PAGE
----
The Associated Students of Colorado State University sent five representatives to Todos Santos, Mexico to speak with community members and assess firsthand what is happening in a town polarized by a housing development and an activist group.
Housing developer MIRA donated land in Todos Santos to CSU and has since sent various student and faculty groups down for educational and research-based purposes.
However, as the Collegian has reported in past articles, the University’s relationship with MIRA has been scrutinized by activists in the town who are opposed to MIRA’s planned development, Tres Santos, which could drastically change the small town both environmentally and economically.
The ASCSU members were in Todos Santos for five days during spring break and will release a report on what they gathered from the trip with possible recommendations.
The Collegian spoke with one of the members who went down, ASCSU President Jason Sydoriak, about his experience and his opinions on the University’s presence. Some quotes were edited for clarity.
What prompted the trip down to Mexico?
The more I looked into it from either side, whether it’s faculty (or) Truth Santos, the more I was like, “Okay, I’m not going to get a clear picture without going.” So I thought it was the responsibility of ASCSU, being the representing student body, that they should go and get their own perspective rather than the students who are benefited through the programs and services or the faculty that benefit from it. Let’s have someone go down there that is not benefiting from it at all.
What were your goals for when you were down there?
My mission was sort of twofold: One was to see how can we expand some of the exchange programs that we have through CSU and also enhance the relationships across Baja California Sur, and then the other mission was determining the level of responsibility that CSU has in this dynamic happening in Todos Santos between Tres Santos, expats — what have you. Should CSU have no responsibility or full responsibility? That will come out in the report on what we believe the level of responsibility should be.
Why a report?
There is one thing that ASCSU doesn’t do very well, and it’s creating institutional memory. Transitioning from (former ASCSU President) Sam Guinn’s administration, I think she did some great things … (but) we pretty much had to pick up from the beginning, not where she left off. We wanted to do a report so future administration that were interested in engaging in Todos Santos would be able to have a baseline to work off of. And then, also, we can submit that to any other stakeholders that are interested.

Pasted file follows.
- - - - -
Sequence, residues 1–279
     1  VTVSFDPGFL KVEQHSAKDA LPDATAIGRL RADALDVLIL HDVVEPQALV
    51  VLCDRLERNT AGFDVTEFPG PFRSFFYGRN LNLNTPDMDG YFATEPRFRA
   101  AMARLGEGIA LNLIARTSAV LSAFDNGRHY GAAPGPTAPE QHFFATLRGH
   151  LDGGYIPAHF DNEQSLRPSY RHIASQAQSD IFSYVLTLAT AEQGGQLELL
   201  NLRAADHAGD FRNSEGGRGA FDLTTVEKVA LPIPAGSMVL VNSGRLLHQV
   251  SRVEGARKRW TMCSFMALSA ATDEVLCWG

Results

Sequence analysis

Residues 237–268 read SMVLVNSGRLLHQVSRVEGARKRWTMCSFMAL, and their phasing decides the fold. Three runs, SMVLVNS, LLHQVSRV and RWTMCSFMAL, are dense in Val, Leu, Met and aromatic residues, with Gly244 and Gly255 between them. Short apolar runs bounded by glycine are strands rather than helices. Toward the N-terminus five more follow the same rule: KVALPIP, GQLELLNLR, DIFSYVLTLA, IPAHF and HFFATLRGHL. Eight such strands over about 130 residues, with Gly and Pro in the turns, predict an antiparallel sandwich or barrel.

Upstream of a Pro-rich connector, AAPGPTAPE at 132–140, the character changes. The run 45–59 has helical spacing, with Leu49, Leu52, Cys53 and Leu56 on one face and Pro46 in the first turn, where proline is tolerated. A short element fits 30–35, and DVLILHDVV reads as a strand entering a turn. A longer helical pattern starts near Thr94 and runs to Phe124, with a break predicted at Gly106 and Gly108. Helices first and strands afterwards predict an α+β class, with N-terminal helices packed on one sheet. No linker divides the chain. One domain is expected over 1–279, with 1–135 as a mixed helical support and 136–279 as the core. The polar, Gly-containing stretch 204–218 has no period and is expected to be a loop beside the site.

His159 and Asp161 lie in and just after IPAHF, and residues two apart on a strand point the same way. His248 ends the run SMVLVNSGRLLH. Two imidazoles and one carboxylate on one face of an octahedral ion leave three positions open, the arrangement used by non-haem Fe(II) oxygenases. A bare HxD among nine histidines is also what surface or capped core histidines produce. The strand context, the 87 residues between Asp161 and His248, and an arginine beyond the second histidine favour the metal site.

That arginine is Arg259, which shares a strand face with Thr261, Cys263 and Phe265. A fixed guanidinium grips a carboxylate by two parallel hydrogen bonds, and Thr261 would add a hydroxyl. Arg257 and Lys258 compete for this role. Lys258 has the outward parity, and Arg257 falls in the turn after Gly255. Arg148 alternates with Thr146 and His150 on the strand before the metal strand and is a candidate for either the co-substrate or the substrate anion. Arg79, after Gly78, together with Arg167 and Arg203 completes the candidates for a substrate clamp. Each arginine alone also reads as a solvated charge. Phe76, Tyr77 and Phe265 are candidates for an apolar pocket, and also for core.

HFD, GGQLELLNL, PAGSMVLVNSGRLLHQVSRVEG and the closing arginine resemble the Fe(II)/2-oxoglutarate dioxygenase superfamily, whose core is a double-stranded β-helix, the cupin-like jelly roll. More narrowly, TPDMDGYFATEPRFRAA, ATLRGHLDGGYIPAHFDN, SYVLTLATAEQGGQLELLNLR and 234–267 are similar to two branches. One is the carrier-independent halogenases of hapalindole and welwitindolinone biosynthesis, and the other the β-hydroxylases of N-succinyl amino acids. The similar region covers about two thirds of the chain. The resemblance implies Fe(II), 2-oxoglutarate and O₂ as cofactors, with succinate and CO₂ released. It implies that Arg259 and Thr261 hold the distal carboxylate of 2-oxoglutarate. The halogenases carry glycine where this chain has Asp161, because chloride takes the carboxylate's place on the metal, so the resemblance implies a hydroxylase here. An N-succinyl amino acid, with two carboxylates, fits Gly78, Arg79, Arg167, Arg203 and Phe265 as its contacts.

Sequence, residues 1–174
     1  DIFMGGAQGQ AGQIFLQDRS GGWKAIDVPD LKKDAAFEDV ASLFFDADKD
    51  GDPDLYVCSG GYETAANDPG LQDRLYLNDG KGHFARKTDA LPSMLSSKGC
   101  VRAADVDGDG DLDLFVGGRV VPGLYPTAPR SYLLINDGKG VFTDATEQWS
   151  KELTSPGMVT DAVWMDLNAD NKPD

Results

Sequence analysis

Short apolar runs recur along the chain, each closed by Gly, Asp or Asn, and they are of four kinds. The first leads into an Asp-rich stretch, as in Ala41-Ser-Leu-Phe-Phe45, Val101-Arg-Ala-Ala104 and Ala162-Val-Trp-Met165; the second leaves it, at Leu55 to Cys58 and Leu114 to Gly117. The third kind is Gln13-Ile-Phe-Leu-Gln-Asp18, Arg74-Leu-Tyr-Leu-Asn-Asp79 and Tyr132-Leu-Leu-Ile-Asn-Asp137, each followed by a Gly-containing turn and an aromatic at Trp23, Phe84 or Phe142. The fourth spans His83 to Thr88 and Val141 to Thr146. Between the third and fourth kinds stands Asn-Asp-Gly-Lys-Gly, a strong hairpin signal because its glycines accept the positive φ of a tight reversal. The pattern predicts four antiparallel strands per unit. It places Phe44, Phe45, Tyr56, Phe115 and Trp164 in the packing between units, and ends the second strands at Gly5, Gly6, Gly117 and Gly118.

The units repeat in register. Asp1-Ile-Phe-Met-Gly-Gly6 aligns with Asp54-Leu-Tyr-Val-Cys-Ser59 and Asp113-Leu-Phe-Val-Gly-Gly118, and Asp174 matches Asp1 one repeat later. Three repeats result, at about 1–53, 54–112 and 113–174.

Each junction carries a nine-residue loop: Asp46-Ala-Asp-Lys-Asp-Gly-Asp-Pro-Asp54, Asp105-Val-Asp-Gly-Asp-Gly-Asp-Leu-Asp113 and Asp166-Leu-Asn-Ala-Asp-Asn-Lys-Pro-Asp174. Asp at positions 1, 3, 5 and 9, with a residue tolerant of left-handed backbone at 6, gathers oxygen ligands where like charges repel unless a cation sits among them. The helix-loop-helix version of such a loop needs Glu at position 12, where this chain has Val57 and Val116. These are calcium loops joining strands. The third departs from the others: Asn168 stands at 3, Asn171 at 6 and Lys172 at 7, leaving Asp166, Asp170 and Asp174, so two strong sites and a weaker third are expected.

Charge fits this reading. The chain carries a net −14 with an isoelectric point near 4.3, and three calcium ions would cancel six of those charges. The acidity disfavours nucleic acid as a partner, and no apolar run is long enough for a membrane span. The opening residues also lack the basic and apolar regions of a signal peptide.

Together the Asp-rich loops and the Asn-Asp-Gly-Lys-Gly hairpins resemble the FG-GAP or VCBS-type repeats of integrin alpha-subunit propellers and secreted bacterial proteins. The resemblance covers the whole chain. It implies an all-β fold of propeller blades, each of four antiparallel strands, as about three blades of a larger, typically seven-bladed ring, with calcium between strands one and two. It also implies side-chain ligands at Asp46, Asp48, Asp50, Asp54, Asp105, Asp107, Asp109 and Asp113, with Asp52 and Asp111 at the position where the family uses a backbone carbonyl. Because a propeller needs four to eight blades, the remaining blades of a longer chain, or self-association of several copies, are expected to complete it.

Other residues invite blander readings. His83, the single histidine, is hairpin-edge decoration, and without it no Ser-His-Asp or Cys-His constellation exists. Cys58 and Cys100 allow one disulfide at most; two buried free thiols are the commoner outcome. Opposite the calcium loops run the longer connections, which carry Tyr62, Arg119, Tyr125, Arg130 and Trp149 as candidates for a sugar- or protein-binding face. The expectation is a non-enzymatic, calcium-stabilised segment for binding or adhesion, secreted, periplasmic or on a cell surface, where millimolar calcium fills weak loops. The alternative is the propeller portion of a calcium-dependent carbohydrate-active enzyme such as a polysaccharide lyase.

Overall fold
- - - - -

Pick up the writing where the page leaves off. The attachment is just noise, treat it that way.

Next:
What was it like interacting with the housing developer, MIRA?
We actually had, I would say, a two-hour grilling fest with Tres Santos. We just were asking them questions about the development, about water, about what their vision was for the town — so on and so forth. It helped give us context, especially moving forward. I didn’t expect to get anything completely concrete from them, because obviously they are going to be more reserved. It gave us context of where they are coming from and better understanding of the project because we only know so much.
What other people did you speak to?
Probably one of the more significant meetings we had — and I don’t know yet whether we should reveal their name, they own a company, a tourist company — and she just really understands the town, is deeply connected and she just brought a lot of context that we wouldn’t have had normally. I think they really helped us gain a better understanding of CSU’s role in the town.
What do you now see as CSU’s role in Todos Santos?
I think CSU should be there, and I’ll put this in my report. I think CSU should be doing what educational institutions have been doing since their existence, and that’s holding other institutions accountable, that’s bringing a certain perspective that you wouldn’t necessarily have without educational institutions, that’s impartiality — those are facts and integrity. And I think they have a responsibility in keeping the development honest and then also integrating with the community because the trajectory of our world is a much more globalized world, and we are not going to accomplish that unless we actually reach out. We need to do it in a very delicate way so it doesn’t look like colonialism, but we certainly need to do it in a collaborative way. The people of Todos Santos, they are thirsty for accountability and transparency, and they are not necessarily getting that with Tres Santos, and I think CSU does have a role on applying some leverage to get that.
Collegian Executive Editor Skyler Leonard can be reached at email@example.com or on Twitter @Skyler_Leonard.